PDA (Pathological Demand Avoidance) and villains.
Dec 27, 2020
Why do so many children with a PDA autistic profile take on the character of a villain, a bad guy or a monster, werewolf, zombie, anything that seems a disapproved of figure?
Because we come to understand very quickly that there is something powerful within us that even we cannot overcome that causes the same level of disapproval.
By educators, parents, immediate and extended family, members of the public, our friends and their families.
When we're told not to do something, our brain responds with a frenzied need to do it.
When we're asked to do something, our brain responds with a neurobiological stand off and there often isn't a language to offer those on the outside looking in.
As children, we don't understand why we can't, or why we don't.
We don't understand our "unacceptability".
We just know that we are bad.
Often, in our best trying to be calmer, more focused, less reactive, less explosive, to come out of our rooms more often, to shower, to do all the things and be all the things we know you want us to be..
And so who is it that offers us a character that we so readily relate to in many ways?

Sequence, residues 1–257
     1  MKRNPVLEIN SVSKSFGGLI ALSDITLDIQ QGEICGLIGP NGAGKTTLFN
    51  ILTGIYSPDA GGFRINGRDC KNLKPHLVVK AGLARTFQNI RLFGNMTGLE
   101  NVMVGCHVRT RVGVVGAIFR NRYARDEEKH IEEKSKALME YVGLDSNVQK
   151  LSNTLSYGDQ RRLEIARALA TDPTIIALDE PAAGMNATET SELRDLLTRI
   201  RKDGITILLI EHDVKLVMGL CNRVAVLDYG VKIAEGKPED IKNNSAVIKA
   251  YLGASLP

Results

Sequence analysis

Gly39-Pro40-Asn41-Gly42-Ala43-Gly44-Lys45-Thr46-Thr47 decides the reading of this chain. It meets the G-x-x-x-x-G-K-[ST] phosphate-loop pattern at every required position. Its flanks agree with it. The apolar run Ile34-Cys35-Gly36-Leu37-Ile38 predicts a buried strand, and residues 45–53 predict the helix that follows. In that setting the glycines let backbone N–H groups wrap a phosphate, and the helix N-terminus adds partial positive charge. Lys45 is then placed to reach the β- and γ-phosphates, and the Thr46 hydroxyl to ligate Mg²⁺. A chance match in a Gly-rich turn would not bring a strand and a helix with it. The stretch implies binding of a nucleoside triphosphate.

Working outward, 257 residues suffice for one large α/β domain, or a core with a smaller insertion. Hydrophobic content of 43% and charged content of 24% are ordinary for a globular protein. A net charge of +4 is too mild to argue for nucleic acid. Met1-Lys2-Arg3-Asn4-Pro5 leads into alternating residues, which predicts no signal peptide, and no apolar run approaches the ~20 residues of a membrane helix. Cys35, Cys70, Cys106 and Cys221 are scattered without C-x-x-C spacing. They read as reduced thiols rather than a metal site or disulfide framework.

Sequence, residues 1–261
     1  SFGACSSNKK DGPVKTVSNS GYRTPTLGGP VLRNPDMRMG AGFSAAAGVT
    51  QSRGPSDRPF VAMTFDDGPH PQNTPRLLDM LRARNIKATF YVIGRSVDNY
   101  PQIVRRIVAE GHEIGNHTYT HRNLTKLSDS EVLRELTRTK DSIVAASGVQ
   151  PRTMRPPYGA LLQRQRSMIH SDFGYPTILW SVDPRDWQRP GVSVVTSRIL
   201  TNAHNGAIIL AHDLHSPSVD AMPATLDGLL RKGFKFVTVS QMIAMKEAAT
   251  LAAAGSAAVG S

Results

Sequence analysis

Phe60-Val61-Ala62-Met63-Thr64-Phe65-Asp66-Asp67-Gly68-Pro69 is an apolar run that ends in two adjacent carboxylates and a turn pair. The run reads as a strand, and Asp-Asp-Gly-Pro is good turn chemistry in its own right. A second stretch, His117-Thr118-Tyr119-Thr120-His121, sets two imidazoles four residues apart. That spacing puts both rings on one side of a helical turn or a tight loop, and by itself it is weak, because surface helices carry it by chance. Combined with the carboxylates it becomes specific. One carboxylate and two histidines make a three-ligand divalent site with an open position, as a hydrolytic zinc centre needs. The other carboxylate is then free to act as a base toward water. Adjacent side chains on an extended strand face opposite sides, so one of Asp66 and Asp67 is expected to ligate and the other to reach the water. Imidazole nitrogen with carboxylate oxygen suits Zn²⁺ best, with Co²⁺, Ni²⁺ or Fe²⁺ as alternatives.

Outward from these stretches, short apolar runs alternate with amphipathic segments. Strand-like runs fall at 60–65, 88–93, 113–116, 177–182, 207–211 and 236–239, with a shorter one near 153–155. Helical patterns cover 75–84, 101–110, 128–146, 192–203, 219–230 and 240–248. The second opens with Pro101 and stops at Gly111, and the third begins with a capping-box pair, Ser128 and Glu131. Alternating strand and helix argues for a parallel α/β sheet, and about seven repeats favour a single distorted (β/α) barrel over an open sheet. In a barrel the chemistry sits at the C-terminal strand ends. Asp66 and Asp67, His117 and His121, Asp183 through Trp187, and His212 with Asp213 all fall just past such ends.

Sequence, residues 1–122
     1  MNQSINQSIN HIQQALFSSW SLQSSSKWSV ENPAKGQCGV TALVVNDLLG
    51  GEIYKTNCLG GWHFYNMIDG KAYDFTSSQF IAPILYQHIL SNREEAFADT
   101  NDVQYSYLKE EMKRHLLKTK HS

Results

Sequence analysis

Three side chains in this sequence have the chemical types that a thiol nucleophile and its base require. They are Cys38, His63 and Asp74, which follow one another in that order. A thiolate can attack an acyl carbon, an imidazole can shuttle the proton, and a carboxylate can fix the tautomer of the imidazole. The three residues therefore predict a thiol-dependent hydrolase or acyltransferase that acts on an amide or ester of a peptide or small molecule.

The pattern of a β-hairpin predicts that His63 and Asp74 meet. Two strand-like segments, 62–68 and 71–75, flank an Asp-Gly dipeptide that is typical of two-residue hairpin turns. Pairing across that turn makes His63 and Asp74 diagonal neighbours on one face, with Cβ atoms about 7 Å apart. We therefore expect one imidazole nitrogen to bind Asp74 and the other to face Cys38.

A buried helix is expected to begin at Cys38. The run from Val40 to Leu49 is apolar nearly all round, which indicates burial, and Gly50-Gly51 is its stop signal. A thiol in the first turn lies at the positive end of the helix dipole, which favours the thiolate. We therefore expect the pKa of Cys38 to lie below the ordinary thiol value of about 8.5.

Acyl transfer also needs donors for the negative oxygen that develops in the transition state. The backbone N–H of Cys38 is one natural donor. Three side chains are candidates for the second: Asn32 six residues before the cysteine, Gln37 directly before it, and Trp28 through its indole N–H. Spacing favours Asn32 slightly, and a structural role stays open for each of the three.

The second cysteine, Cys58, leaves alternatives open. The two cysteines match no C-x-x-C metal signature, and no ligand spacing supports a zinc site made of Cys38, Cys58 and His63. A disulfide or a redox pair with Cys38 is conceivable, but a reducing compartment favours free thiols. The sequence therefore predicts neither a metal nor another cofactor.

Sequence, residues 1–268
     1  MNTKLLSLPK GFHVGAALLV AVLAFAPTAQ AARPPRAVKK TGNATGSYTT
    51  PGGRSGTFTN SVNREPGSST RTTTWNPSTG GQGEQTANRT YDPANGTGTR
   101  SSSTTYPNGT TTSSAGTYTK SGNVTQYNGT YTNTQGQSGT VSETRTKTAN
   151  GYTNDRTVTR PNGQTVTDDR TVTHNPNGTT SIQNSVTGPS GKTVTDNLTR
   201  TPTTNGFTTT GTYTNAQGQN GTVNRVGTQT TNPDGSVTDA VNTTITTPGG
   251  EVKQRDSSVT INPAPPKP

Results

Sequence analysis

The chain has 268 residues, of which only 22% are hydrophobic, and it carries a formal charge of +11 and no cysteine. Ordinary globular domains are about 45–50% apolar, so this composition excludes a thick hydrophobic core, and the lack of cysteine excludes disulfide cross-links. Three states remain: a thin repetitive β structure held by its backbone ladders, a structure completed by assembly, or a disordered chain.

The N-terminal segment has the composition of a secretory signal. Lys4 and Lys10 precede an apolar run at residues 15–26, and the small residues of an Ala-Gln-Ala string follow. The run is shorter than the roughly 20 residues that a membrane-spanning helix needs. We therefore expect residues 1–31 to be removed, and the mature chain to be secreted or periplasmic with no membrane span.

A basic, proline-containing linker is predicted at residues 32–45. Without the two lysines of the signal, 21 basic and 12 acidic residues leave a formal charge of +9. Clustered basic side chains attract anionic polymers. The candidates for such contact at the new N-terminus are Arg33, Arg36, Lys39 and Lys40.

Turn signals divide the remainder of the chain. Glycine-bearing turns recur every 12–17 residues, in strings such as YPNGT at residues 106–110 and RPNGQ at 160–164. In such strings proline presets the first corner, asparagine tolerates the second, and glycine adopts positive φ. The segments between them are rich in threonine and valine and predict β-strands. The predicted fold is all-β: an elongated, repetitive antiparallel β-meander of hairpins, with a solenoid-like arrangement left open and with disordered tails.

There is a force within, a power, an energy that is unstoppable.
There is societal rejection and often a sense of abandonment.
There is a character who is, by definition alone; an outcast. Yet they have found a way to harness all of their perceived flaws and conjure them into a force to be reckoned with.
Allowing our children to explore these characters is healthy and vital.
It is a foundational way for them to find ways to understand themselves and explore an internal world that seems too big for anyone to handle.
As a society, we don't offer examples of human that our PDA children can relate to without bias, without fear and panic attached.
We decide who is right and wrong and where they belong.
We attach all kinds of unhelpful binary labels that are associated with duality: either lightness or darkness, good or bad.
Rather than lecturing our children about the unacceptable nature of villains, perhaps we might try exploring how a villain came to be a villain and learn from this ourselves, rather than directing the responsibility of change toward our vulnerable children who need our unconditional love and support.
When my children become villains, I join them.
We talk about their strength, their power, their skills.
We talk about and explore together their need to keep others at bay, and I, the adult, learn more from their play than any judgement or behavioural approach possible.
I encourage all families to join their children in play and to identify the characters with which their children most relate to, without judgement, without agenda.
Image description: A young girl wears a mask of a character, looking off into the distance.